Language as Object:
Emily Dickinson and Contemporary Visual Art
March 28 - June 1, 1997
Mead Art Museum
Amherst College
Public and Installation Art
by Aífe Murray

Map Installation

Margaret Maher's Amherst: An 8.5 x 11 inch format map with xerox art on reverse side, designed for taking self-guided tour of town from the Dickinson servants' perspective, especially Margaret Maher ("Maggie"), a Dickinson maid for 30 years, and her brother-n-law, Tom Kelley, a Dickinson groundsman and night watchman for Amherst College. The map will be distributed to participants in the public art walk on April 20, 1997 and will be available in the Mead Art Museum exhibit.

Do You Know Where You Are?!! Poster to site specifications, for installation on public bus interior advertising spaces in bus lines serving Northampton-Amherst regional area. Conceived in bright kelley green, the poster includes elements from Margaret Maher's Amherstof the 19th Century and contemporary Amherst.

Pantry Draw-er Museum Installation

Mixed media installation: Maid and poet's language and Maher's cultural iconography silk-screened on a kitchen table, apron, and napkins with domestic and religious objects. Can be previewed on the homepage.

Comments about their work by current Amherst College employees who clean and maintain the Dickinson Homestead and other college sites are made into handmade books and incorporated in the Pantry Draw-er installation.

Adjacent to Pantry Draw-er, visitors may pick up and keep a copy of Margaret Maher's Amherst to take a self-guided tour.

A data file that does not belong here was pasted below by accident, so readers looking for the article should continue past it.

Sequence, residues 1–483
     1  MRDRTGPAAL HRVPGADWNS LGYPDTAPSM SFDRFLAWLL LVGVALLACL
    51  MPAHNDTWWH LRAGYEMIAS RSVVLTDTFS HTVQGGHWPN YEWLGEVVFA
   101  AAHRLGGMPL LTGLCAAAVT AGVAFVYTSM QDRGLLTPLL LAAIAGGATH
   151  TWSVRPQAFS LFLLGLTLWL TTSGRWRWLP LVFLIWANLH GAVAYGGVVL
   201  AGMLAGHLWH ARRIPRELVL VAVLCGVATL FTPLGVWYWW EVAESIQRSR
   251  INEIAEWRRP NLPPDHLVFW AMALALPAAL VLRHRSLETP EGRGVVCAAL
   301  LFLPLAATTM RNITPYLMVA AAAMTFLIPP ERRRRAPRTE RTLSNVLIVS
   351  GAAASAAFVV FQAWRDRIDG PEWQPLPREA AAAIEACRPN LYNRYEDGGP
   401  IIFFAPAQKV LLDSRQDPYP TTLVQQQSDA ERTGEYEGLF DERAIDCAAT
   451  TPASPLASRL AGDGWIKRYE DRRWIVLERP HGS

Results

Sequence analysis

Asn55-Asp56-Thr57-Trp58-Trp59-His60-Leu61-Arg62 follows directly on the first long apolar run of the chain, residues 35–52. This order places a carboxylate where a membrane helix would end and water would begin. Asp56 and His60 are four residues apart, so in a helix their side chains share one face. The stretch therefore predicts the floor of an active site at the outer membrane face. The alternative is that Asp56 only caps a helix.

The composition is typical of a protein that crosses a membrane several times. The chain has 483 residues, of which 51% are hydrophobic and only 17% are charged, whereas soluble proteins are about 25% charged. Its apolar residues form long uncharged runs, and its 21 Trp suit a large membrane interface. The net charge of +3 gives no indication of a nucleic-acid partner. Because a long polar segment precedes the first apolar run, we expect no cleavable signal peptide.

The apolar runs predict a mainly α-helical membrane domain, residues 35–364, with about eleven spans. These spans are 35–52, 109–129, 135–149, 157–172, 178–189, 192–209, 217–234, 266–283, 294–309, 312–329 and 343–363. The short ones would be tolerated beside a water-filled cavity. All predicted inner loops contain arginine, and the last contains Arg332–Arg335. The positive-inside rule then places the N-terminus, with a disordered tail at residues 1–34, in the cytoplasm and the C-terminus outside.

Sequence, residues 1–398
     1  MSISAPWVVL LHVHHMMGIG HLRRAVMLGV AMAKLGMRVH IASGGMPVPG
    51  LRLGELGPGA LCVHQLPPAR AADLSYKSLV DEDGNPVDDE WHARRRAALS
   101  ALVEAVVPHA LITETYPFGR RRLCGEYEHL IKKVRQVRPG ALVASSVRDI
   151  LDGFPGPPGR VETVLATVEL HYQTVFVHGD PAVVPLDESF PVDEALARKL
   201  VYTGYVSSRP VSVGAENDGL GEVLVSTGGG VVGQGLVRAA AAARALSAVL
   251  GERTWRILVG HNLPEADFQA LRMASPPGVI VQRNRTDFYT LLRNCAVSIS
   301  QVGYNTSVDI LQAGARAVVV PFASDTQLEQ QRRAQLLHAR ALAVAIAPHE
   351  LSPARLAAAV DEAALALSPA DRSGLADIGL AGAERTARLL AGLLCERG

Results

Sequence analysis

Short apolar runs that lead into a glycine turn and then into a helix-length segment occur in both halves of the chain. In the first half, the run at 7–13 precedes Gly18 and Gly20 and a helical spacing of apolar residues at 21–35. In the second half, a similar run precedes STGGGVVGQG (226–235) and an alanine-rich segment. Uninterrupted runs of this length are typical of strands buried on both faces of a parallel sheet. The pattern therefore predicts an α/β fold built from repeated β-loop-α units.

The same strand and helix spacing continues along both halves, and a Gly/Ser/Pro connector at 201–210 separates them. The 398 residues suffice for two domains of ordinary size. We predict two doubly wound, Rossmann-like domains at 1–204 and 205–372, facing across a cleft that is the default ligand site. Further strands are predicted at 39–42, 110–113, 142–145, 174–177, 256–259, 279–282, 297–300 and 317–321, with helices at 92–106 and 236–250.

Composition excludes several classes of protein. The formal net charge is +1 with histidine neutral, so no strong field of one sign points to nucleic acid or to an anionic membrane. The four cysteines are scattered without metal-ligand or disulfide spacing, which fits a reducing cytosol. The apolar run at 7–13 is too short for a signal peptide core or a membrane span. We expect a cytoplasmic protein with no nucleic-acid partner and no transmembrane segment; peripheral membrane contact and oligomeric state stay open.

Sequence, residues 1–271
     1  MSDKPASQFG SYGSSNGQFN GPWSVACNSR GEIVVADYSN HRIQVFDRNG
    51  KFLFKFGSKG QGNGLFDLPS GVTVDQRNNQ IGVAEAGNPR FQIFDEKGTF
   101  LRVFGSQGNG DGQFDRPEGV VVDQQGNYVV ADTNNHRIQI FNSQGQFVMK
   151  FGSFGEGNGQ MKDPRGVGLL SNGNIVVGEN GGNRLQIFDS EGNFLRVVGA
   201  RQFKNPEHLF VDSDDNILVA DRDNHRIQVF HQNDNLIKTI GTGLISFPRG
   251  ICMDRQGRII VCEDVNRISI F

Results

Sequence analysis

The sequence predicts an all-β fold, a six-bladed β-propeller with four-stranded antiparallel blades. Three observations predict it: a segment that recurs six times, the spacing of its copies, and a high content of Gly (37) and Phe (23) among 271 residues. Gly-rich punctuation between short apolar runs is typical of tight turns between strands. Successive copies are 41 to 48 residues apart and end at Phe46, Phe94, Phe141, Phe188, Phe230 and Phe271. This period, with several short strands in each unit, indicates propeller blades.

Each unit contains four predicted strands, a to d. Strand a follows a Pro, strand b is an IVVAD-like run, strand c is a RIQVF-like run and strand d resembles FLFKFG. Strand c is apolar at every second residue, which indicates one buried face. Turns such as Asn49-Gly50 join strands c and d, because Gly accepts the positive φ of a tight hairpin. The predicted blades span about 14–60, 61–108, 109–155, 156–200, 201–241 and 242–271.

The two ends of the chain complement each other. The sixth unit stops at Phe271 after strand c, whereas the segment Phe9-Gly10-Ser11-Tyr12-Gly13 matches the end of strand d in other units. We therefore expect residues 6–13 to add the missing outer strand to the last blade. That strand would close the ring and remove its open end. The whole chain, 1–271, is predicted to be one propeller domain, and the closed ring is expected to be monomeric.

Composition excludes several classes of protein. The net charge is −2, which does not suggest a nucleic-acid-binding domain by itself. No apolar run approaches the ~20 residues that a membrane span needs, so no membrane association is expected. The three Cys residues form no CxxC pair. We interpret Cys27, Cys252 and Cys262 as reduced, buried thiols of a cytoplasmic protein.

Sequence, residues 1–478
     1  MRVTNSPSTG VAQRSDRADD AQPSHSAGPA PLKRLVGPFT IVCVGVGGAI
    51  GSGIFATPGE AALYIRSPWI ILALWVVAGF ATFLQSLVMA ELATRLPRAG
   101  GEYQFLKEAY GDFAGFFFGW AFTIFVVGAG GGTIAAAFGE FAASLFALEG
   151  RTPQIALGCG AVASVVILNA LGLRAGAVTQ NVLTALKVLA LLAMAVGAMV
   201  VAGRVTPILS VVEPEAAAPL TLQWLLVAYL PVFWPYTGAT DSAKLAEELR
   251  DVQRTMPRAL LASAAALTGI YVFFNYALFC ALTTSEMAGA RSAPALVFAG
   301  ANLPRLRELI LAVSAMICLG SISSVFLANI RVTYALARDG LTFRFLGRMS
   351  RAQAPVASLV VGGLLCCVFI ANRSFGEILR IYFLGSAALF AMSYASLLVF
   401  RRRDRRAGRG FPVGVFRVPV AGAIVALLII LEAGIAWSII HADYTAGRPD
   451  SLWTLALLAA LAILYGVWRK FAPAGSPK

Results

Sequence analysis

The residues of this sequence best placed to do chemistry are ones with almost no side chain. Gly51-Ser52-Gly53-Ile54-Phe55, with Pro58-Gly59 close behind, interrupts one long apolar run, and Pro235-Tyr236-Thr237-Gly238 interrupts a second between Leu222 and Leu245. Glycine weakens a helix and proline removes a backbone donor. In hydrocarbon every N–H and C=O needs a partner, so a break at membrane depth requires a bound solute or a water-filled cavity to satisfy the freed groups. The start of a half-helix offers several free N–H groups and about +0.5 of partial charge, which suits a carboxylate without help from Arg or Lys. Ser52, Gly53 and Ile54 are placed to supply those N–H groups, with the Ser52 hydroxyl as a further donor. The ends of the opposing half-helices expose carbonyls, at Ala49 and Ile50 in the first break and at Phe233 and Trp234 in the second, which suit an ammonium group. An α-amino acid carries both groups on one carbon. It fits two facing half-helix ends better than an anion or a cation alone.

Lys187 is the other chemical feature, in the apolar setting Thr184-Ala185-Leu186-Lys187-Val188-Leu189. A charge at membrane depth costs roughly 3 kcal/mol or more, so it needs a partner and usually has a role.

Kitchen Table Poetics Walk

Sunday, April 20, 1997, 2:00 p.m. Walk departs from Mead Art Museum. Led by Aífe Murray, this event features a "Walking-Spoken Word Event." This lecture on foot welcomes, as honored guests, descendants of Margaret Maher and Tom Kelley and the present day successors of those Dickinson employees who now maintain the Homestead and other College sites. Tour takes in four or five key Maher-Dickinson sites, in the space of an hour and a half, to illuminate the intertwining lives of maid Margaret Maher & her poet Emily Dickinson and the social production of art. Participants each receive a copy of the xerox art map Margaret Maher's Amherst. Local film students are invited to "record" the event, and poetry, other creative writing, and journalism students are asked to "document" it.

Art of Everyday Life Gallery Talk

Tuesday, April 22, 1997, 12:15 p.m. Mead Art Museum. Aífe Murray describes and discusses her exhibit installation.